Julie Chen may have dodged any discussion of the allegations against her husband, CBS Corp. CEO Leslie Moonves, Monday morning on her show “The Talk,” but “The Late Show” host Stephen Colbert didn’t hold back.
Colbert opened his show on Monday night reporting that he was away for the weekend in South Carolina without internet (“They don’t have it there yet,” he joked). “But then I heard there was an article about CBS chairman — and man I hope isn’t watching tonight’s monologue — Les Moonves,” he said.
He asked where the article ran — “quality publication,” he dubbed The New Yorker — then asked who wrote it. Learning the author was Ronan Farrow, he did a spit take. “That’s not good,” as he grabbed a drink. “Ronan isn’t exactly known for his puff pieces about glamping.”
The news clips then rolled, detailing the multiple allegations of sexual misconduct levied against Moonves. “Well, you know the old saying, How do you get in a Ronan Farrow article? Practice, practice, practice,” said Colbert.
Colbert reported that the CBS board met today and announced that they were hiring outside counsel to lead the investigation. “I don’t know why they’re outsourcing this,” he quipped. “They could just use the cast of the new CBS procedural: ‘CSI: CEO.'”
He then said he’d have to more say later when he’s at the desk, “assuming we make it past the commercial break.”
In an article published in the New Yorker on Friday, Moonves was accused of sexual misconduct by six women, including actress Illeana Douglas, who claimed Moonves had her fired from a CBS pilot after she turned down his advances; writer Janet Jones, who alleges he assaulted her during a pitch meeting while Moonves worked at 20th Century Fox; and producer Christine Peters, who accused Moonves of making an advance to her when she was up for a job at CBS Films.
Moonves acknowledged a prior lapse in judgement, but disputed other aspects of the report. “I always understood and respected — and abided by the principle — that ‘no’ means ‘no,’ and I have never misused my position to harm or hinder anyone’s career,” he said.
The board of CBS met earlier on Monday, but in a surprise move, took no action against the CEO, instead announcing that they were hiring outside counsel and postponing the upcoming shareholder meeting.
Returning from the break, Colbert quipped that he was surprised to still be on the air after having made jokes about his boss. Noting that we’re approaching the anniversary of the launch of the #MeToo movement, he said while that milestone is worth celebrating, “It is hard to think of an appropriate anniversary gift when the entire Amazon wish list is just: ‘Stop it!’”
“Women over the past year have felt empowered to tell their stories in ways they haven’t before, which is an objectively good thing, because—and it’s strange to have to say this—powerful men taking sexual advantage of relatively powerless employees are wrong,” he continued. “We know it’s wrong now. And we knew it was wrong then. And how do we know we knew it was wrong? Because we know these men tried to keep the stories from coming out back then.”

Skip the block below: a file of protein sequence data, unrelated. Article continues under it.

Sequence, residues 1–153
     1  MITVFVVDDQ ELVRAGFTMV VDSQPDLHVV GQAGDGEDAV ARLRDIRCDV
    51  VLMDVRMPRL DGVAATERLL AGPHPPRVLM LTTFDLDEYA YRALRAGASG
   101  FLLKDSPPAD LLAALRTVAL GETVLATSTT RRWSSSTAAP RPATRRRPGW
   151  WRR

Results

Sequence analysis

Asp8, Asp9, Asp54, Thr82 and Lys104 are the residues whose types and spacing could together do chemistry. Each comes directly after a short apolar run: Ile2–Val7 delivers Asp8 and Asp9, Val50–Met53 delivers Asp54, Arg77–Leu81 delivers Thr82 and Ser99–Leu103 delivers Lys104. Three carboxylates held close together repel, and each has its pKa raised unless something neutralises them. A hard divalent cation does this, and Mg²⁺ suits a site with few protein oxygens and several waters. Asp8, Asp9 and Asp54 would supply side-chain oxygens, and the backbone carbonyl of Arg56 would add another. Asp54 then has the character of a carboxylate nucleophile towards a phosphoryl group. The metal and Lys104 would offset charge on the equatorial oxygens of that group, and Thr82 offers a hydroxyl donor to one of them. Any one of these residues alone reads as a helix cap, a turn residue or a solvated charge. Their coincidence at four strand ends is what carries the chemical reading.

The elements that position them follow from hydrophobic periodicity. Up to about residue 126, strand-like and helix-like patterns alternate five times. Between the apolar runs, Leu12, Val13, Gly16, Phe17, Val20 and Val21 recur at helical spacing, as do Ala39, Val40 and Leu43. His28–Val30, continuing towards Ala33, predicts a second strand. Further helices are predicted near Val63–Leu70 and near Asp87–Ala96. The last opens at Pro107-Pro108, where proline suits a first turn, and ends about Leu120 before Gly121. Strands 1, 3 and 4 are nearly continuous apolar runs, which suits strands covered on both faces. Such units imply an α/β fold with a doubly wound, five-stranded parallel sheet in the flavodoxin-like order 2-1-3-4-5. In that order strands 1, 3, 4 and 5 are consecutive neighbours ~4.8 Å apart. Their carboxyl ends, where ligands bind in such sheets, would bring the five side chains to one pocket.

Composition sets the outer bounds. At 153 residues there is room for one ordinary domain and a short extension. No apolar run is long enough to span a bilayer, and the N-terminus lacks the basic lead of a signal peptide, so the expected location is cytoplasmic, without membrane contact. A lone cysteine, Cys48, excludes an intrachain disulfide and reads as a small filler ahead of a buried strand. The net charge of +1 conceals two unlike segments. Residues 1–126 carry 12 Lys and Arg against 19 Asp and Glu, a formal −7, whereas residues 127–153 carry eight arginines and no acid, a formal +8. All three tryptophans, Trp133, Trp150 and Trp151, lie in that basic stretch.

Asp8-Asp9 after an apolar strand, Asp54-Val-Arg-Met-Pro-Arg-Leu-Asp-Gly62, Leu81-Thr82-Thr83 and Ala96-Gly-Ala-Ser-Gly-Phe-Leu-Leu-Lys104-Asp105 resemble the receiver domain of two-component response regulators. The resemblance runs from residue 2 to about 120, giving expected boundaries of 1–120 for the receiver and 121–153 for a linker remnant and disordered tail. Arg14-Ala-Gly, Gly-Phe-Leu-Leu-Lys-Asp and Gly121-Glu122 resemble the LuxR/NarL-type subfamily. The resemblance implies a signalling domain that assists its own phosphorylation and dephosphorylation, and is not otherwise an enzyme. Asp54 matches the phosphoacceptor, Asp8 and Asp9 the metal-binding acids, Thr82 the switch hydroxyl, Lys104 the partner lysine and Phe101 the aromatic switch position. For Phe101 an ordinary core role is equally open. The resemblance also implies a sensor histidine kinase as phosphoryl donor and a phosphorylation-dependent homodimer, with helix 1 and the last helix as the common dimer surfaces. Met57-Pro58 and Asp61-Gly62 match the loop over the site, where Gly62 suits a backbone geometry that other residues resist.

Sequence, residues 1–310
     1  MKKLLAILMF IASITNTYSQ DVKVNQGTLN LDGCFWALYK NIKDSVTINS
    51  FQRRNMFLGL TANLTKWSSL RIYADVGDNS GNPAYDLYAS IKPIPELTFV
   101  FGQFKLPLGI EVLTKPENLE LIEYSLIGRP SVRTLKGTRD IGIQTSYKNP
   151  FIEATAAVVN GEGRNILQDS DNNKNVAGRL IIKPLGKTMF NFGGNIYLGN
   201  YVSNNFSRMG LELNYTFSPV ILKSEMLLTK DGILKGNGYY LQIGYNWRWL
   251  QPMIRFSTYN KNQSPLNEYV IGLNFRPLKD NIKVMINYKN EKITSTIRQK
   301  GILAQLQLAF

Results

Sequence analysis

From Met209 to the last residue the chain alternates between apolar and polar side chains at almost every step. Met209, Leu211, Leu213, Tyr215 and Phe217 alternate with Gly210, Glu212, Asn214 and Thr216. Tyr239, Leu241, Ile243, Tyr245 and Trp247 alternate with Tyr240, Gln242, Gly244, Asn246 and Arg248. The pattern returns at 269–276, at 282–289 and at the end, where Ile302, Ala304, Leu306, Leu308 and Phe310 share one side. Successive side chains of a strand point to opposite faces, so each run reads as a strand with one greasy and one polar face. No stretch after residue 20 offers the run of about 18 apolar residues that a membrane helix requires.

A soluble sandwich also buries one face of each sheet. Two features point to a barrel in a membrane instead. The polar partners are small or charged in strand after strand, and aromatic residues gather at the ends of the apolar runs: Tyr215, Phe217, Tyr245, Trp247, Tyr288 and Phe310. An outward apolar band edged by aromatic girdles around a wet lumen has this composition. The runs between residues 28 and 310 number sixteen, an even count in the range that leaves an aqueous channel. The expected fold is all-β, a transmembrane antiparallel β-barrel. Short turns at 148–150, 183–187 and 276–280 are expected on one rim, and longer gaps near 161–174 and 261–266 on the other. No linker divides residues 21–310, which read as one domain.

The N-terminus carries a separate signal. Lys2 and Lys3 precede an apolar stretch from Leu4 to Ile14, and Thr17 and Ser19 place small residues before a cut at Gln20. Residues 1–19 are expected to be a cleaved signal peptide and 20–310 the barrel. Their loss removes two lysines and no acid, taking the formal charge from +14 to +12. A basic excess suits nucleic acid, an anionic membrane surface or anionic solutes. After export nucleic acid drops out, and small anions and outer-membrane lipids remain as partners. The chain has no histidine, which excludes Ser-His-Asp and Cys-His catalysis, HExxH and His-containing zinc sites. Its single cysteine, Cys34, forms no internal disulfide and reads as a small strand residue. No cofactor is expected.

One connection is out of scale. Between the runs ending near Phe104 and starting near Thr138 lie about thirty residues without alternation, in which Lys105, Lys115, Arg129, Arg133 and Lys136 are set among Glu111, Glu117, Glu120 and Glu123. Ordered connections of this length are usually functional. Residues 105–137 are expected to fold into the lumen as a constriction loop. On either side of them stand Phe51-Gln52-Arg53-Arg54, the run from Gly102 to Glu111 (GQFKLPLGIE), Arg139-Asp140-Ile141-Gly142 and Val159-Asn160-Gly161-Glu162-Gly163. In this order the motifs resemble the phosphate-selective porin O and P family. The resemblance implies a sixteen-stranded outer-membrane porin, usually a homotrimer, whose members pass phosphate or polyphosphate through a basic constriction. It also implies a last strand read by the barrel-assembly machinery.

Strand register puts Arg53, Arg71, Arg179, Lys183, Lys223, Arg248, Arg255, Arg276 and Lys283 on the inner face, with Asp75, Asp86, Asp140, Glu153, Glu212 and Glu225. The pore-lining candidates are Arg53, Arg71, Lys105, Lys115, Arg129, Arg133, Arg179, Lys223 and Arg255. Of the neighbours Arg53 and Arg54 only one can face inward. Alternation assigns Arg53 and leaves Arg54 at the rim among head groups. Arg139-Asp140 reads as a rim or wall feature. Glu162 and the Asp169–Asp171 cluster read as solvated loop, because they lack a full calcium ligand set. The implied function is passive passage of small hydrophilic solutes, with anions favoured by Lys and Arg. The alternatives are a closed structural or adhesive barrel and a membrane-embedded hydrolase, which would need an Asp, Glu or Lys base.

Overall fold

He then joked, “I don’t remember any ads in Variety saying ‘Congratulations to me for all the butt groping!” as a fake congratulatory ad flashed on the screen.
The revelations he said have been shocking to him, but to the women he knows, “it brings a welcome sense of relief that something is finally happening,” he said.
He acknowledged that “as a middle-aged guy with some power in the entertainment industry,” he might not be the person to address the issue. But given that he works at CBS, people have been asking his opinion. “In a situation like this, I’d normally call Les,” he said. “But over the past year, there’s been a lot of discussion about whether the disappearing of the accused from public life is the right thing to do, and I get there should be levels of response, but I understand why the disappearing happens.”
He went on to quote John F. Kennedy: “Those who make peaceful revolution impossible, make violent revolution inevitable.” So, he said, “And for so long for women in the workplace, there was no change, no justice for the abused, so we shouldn’t be surprised that when the change comes, it comes radically. This roar is a natural backlash to all that silence.”
“I do believe in accountability, and not just for politicians you disagree with,” he continued. “Everybody believes in accountability until it’s their guy, and make no mistake, Les Moonves is my guy. He hired me to sit in this chair. He stood behind this show while we were struggling to find our voice. He gave us the time and the resources to succeed. And he has stood by us when people were mad at me, and I like working for him.
“But accountability is meaningless unless it’s for everybody, whether it’s the leader of a network or the leader of the free world.”
Colbert also discussed the allegations made against Fox News host Kimberly Guilfoyle (“someone I don’t work for,” he quipped), who also stands accused of sexual misconduct. “That’s where we’re at: The best news of the day is that women can also be guilt of sexual harassment,” he said. “What a trailblazer! You go, girl.”